PAWV Launches New Historic Preservation Loan Fund

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Monroe Street in Fairmont looking south towards the Monongahela River – Photo by Shae Strait

The Preservation Alliance of West Virginia has launched a new loan program aimed at getting historic structures rehabilitated. The program is called the Historic Preservation Loan Fund. It is a revolving loan guarantee program to help minimize risk for lending financial institutions in case a borrower defaults and to assist applicants that may not have the capital available for a bank loan. The funds must be used for acquiring, rehabilitating, or redeveloping of a historic building that is on the National Register of Historic Places, a contributing structure to a NRHP district, eligible for the NRHP, or on PAWV’s current list of Endangered Properties.

To learn more, please visit PAWV’s News and Notes article.

WV HDF Re-issues Code Enforcement Technical Assistance RFP

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The West Virginia Housing Development Fund has re-issued its Request for Proposals for the new Code Enforcement Technical Assistance Support as part of the Property Rescue Initiative program. The Code Enforcement Technical Assistance program offers up to $10,000 in financial assistance to enhance existing or to create effective code enforcement for communities. The financing can be used for adopting and updating ordinances, procuring a certified code enforcement official, training in code enforcement procedures and practices, personal certifications or department accreditation relevant to code enforcement, and now it also includes contractor labor as it directly relates to demolition of dilapidated residential structures.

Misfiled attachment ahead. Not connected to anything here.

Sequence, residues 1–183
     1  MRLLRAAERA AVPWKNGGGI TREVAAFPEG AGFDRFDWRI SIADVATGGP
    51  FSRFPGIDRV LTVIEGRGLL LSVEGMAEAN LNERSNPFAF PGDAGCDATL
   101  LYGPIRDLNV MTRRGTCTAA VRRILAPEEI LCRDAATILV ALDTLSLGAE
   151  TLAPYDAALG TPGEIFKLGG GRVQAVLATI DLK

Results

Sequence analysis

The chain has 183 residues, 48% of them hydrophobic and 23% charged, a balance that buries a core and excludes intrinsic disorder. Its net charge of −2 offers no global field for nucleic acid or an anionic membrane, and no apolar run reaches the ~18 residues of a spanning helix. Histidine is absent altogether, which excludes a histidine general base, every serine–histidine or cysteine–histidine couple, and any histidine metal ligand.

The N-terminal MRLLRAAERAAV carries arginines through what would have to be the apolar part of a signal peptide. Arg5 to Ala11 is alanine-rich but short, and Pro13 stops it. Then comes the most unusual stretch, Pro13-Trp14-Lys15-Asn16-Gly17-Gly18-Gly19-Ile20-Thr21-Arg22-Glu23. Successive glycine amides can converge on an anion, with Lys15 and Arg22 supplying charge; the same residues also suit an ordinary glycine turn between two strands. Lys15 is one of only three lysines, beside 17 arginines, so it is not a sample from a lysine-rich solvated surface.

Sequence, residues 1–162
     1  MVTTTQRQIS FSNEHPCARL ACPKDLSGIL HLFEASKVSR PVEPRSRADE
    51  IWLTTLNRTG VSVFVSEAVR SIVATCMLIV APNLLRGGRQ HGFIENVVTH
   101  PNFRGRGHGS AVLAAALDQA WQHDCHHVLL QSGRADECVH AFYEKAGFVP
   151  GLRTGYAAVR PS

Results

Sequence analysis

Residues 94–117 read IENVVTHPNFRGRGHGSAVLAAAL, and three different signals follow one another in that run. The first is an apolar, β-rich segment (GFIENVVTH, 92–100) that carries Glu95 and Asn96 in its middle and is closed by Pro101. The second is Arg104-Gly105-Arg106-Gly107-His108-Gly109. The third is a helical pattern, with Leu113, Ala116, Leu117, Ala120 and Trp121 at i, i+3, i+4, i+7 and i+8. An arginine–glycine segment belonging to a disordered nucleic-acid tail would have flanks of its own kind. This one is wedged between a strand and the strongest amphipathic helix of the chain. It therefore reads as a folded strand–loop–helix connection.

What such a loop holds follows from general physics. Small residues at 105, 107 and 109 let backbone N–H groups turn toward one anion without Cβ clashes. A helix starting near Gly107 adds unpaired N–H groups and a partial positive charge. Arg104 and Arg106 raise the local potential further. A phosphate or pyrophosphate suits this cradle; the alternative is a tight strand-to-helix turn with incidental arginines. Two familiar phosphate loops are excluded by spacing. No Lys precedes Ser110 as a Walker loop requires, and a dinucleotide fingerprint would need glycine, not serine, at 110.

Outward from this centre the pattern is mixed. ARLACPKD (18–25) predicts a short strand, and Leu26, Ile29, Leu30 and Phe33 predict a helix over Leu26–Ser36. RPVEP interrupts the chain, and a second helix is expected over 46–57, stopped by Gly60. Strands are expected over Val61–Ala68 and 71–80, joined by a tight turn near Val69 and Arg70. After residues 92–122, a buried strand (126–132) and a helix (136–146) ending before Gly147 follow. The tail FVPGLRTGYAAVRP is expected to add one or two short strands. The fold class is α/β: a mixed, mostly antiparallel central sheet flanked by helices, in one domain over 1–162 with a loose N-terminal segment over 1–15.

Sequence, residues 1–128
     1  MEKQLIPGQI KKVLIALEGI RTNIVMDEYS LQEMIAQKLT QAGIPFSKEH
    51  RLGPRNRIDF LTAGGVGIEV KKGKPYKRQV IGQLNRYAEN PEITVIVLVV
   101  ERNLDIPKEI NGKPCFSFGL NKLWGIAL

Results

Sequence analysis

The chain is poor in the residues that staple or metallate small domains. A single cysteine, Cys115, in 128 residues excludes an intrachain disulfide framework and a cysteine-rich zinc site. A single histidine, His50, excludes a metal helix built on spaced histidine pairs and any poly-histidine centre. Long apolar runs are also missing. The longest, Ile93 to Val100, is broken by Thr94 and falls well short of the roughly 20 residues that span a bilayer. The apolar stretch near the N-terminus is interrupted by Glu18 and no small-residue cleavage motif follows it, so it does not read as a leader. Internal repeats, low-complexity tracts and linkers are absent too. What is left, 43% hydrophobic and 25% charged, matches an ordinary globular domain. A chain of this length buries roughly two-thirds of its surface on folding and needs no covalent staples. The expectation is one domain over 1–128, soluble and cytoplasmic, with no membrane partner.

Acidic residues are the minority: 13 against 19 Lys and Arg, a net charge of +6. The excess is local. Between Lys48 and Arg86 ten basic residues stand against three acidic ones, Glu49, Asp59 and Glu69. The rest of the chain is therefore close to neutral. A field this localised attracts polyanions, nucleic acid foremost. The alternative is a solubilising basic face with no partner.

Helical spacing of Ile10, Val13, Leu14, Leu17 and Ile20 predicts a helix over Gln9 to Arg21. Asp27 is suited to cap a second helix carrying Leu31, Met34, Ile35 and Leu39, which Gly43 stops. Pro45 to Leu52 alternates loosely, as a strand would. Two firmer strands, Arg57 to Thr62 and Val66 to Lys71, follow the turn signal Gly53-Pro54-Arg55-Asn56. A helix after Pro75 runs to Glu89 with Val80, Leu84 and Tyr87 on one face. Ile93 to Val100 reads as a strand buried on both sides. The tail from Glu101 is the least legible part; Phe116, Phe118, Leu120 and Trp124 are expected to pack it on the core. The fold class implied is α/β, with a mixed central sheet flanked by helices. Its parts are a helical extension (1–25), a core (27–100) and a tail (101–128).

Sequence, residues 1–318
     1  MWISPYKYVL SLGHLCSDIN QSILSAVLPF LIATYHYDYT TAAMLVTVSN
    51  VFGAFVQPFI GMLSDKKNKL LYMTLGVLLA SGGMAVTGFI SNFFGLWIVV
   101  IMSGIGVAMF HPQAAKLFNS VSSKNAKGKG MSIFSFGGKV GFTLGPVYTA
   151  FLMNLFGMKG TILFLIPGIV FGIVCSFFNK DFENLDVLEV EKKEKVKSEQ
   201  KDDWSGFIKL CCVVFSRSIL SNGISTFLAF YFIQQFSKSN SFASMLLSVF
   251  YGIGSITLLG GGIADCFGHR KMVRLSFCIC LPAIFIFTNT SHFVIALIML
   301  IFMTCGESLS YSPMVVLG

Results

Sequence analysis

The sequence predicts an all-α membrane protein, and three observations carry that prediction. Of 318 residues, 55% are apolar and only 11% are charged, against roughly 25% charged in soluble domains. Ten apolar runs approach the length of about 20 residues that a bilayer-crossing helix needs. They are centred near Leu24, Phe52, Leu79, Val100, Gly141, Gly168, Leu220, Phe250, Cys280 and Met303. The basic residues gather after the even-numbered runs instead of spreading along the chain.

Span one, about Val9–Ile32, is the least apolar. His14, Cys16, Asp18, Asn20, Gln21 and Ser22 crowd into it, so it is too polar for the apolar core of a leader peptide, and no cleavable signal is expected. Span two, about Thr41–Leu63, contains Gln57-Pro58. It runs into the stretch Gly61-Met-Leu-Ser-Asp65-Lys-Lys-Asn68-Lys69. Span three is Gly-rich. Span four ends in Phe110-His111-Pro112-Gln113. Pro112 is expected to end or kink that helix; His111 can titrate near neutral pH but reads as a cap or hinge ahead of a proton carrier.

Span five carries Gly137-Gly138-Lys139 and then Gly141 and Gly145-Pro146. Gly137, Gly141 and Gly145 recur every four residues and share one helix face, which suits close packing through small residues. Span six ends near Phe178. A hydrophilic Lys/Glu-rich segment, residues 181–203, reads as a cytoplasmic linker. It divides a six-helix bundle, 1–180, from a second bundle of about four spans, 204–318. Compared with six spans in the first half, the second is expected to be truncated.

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Paducah, Kentucky Attracts Artists to Rehab Homes

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Artists from all over America started coming in 2000 to buy and restore homes in Lowertown, Paducah, Kentucky’s oldest — and most blighted – neighborhood. The neighborhood is now home to more than 70 artists, thanks to the city’s artist relocation program which was made possible with the help of a locally owned bank that willing to take a chance on this untested idea. Click here for the full story.

“Artists are the kind of folks who see what can be,” Barnett said. “They see potential, and we knew that was what it was going to take when they came in to see the neighborhood in its current condition.”

Homesteading Builds Momentum as a Way to Save Neighborhoods

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Community homesteading programs encourage individuals and families to purchase, renovate, and reside in vacant and dilapidated homes by offering a financial incentive (e.g. loan, grant, tax break, or other monetary benefit). Potential benefits include:

  • Rehabilitation of vacant and dilapidated homes;
  • Rebuilding the tax base;
  • Economic diversification through sector development;
  • Substantial return on investment.

West Virginia delegates introduced a bill to create a homesteading pilot program during the 2016 legislative session. While the bill died, there’s a possibility it could be reintroduced next year, and interest is certainly building. This article highlights different examples of the forms a successful homesteading program can take from around the region. Click here for the full story.

Missed it? Get the Webinar Recording – Funding for Blight Removal Through the AHP